Bolivia's lower house approves indigenous justice law
The Bolivian lower house of Congress has approved a law giving indigenous communities the right to administer their own justice systems.
The government says the measure, which now goes to the Senate, will allow indigenous groups to settle disputes according to their own cultural values.
But opposition parties have warned that it could lead to mob rule.
Last month four policemen were lynched by an Andean clan in the name of indigenous justice.
Their bodies were handed over to relatives ast the weekend.
Members of the so-called Warrior Clans returned the bodies after demanding a promise that charges would not be filed against them.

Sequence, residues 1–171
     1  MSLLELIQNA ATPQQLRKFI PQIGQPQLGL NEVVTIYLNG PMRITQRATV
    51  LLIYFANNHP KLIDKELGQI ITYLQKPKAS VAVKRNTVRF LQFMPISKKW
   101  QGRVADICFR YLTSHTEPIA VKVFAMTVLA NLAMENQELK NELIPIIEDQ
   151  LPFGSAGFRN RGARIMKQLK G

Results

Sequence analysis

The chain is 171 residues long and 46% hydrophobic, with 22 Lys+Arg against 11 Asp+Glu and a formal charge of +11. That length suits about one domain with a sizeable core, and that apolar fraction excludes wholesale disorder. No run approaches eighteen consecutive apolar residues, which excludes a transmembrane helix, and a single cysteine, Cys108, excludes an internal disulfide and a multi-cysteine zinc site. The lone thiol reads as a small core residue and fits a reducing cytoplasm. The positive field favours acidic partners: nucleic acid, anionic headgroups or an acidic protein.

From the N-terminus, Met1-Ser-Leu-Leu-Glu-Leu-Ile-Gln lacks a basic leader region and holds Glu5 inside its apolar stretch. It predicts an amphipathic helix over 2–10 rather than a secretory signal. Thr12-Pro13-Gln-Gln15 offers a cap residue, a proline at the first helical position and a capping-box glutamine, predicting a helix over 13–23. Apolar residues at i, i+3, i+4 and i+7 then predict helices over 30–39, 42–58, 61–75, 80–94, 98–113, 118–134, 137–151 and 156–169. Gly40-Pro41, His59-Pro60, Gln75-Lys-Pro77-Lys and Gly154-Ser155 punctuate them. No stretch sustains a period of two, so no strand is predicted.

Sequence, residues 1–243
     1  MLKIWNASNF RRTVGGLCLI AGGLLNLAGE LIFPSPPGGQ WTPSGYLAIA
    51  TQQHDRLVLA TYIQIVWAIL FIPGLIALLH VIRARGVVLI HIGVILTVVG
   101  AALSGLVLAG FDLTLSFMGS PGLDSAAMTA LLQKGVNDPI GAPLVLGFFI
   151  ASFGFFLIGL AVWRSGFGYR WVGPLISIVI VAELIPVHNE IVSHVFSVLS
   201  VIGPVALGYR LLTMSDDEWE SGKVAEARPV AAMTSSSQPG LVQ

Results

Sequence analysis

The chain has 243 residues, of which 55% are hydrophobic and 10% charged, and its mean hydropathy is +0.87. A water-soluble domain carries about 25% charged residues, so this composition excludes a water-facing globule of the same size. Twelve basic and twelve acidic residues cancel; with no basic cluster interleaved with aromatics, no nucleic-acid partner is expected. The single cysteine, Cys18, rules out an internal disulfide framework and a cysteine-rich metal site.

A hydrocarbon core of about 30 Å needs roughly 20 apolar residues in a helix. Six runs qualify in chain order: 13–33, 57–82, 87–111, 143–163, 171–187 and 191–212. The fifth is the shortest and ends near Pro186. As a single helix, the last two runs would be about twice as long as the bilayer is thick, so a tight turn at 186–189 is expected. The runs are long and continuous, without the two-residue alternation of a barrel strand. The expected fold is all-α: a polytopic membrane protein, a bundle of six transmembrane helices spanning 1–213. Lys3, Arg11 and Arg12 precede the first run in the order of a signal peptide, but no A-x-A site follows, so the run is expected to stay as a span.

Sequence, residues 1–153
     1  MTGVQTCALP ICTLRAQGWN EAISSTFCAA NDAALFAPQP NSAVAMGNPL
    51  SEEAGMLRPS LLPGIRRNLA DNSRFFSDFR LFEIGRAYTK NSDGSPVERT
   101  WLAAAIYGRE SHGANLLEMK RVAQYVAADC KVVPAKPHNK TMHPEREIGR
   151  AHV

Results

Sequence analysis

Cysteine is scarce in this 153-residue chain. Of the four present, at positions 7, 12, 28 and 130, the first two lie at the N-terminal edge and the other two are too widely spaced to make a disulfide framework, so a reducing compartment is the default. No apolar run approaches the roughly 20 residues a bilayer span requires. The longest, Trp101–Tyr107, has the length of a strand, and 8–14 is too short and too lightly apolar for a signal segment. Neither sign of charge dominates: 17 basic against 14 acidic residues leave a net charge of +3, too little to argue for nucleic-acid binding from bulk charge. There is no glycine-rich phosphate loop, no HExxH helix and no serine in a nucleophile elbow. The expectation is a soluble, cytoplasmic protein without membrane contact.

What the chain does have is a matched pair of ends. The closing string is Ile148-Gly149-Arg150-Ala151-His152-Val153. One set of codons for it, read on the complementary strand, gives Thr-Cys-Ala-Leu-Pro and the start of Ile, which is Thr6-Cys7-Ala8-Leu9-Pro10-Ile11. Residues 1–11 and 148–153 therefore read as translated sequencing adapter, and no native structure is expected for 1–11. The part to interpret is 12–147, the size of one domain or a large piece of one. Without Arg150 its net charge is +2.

They accused the policemen, who belonged to a unit tackling car theft, of extortion.
The area - in the province of Potosi - is a well-known smuggling route for cars from neighbouring Chile.
The Warrior Clans hid the bodies and refused to release them, demanding that police investigate the deaths of four of their members.
Officials have agreed to investigate some of the complaints.